Individuals in New York usually view investing in residences as the same as investing in business properties. In reality, these two types of investing are very different. Here is a glimpse at what makes residential real estate and commercial real estate investing so different in New York and elsewhere.
One of the main differences between residential investing and commercial investing is that the latter involves operating, leasing, developing and acquiring a wide range of property types. These types may include, for example, industrial and hospitality properties, offices, retail shops and apartments — also known as multifamily properties. Other property options for investors include student housing, senior living facilities and self-storage.
Meanwhile, residential investing mostly involves buying, renting out and running a dwelling featuring one unit. Both residential real estate and commercial real estate have the following value drivers: supply/demand, land value and structure value. However, the commercial side of investing also has the driver of net operating income. This is basically the money generated after an investor subtracts his or her operating expenses. The income driver can greatly impact an asset’s value, particularly in an area of the United States where rents are high — for example, in Manhattan.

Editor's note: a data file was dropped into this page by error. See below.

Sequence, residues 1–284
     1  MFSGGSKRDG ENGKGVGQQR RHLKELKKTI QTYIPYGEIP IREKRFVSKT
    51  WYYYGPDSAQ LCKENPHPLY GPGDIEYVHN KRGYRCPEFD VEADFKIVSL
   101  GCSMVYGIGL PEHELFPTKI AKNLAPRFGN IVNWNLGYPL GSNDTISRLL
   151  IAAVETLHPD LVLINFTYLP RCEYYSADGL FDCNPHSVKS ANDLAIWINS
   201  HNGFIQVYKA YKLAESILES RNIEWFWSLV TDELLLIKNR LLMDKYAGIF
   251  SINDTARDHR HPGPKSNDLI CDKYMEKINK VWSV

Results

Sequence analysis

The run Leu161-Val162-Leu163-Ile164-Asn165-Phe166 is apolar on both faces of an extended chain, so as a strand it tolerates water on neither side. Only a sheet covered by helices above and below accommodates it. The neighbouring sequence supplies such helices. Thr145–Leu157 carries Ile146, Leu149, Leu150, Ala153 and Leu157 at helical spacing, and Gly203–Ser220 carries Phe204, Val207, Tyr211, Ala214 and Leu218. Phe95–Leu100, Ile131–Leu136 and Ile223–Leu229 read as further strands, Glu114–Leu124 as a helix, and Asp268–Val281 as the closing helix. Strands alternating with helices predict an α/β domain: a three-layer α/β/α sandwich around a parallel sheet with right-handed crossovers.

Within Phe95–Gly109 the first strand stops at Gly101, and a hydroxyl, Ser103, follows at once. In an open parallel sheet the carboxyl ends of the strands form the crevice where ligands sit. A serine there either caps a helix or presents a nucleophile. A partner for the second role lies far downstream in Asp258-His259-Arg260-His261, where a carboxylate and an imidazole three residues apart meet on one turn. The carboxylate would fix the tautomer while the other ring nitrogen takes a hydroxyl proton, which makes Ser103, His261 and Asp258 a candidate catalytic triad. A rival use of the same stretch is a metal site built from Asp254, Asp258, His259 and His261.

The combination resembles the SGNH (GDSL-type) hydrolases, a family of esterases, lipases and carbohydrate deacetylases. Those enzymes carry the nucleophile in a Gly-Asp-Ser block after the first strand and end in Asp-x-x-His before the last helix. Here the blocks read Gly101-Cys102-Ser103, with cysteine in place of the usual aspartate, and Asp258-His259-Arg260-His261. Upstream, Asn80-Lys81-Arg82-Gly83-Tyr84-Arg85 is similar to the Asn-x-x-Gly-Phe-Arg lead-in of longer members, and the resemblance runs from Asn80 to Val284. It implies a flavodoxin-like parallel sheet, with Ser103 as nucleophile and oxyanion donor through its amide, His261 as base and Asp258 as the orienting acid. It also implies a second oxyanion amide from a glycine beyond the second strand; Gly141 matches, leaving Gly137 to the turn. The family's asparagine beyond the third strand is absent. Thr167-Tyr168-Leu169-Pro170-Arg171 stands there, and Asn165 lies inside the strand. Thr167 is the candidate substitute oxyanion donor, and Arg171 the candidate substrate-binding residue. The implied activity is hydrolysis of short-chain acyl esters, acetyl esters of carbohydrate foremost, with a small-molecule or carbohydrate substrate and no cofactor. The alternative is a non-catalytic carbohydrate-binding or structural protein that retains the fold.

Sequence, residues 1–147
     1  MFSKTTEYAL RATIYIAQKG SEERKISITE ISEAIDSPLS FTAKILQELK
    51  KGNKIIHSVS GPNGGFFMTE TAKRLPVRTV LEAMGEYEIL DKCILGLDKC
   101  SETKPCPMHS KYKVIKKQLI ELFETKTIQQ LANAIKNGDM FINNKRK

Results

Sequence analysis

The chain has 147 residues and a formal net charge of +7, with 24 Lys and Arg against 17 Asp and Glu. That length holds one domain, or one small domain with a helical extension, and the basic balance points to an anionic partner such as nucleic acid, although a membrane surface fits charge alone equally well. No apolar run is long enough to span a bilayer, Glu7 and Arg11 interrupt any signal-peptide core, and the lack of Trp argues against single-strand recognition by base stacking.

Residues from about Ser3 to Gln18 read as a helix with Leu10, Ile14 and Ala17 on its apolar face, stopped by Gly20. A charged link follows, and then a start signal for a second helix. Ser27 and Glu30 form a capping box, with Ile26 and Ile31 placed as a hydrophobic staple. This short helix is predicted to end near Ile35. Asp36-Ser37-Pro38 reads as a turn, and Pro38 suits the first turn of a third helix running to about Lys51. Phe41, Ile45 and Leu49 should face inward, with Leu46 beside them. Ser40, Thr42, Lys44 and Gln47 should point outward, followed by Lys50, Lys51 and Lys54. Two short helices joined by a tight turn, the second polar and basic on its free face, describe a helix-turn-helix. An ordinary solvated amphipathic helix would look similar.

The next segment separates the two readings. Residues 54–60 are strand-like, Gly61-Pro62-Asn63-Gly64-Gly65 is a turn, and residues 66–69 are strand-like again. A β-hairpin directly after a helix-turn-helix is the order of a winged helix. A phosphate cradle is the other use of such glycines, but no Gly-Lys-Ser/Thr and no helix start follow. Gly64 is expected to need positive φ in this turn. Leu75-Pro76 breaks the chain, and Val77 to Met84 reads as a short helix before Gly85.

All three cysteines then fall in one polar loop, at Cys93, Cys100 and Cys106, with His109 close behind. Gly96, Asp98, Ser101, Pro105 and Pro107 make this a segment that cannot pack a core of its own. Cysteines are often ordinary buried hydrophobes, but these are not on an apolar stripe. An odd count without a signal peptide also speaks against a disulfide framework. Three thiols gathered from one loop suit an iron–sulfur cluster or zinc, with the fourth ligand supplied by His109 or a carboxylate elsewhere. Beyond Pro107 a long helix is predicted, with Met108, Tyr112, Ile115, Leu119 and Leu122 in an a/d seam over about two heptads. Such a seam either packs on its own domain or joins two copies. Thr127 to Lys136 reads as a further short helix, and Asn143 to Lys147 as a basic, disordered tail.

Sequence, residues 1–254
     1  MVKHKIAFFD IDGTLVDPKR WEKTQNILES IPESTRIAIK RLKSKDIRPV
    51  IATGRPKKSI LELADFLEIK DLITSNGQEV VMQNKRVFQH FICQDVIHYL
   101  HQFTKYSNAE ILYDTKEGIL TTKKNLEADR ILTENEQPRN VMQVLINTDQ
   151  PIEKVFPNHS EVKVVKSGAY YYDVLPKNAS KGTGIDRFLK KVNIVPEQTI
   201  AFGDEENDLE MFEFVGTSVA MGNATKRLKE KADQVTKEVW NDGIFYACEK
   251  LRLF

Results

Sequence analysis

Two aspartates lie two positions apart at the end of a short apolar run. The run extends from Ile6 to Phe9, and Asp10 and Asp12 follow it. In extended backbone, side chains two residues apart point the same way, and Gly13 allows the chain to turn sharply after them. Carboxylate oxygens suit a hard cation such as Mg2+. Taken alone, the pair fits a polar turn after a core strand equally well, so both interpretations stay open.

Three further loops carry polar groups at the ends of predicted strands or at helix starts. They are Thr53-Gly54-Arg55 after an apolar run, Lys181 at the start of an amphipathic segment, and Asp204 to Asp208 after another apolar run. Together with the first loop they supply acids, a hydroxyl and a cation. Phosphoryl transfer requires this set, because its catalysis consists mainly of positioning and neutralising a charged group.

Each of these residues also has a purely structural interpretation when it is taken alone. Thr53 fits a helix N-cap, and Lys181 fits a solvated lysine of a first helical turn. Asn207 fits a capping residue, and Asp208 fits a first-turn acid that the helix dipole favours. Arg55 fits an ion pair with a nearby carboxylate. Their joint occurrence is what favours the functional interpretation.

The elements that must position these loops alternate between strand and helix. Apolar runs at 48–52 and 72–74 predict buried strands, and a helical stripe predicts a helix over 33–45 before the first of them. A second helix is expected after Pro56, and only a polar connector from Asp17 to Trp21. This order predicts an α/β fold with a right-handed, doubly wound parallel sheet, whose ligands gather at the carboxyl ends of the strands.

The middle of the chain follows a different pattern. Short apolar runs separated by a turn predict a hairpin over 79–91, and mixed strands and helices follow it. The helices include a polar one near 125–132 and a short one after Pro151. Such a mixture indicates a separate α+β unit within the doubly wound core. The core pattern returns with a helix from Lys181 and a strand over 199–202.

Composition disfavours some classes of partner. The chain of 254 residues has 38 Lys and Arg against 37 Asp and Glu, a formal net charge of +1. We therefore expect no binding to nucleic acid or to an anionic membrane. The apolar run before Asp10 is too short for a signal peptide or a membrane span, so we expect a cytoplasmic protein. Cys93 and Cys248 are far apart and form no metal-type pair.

Delving into the world of property investing can be thrilling as a result of the promise of profitability. At the same time, commercial real estate investing can also be challenging, especially for those who are new to it. However, an attorney in New York can help a budding investor to navigate the legal aspect of any property deal with confidence, with the goal of ultimately achieving his or her real estate goals in the Big Apple.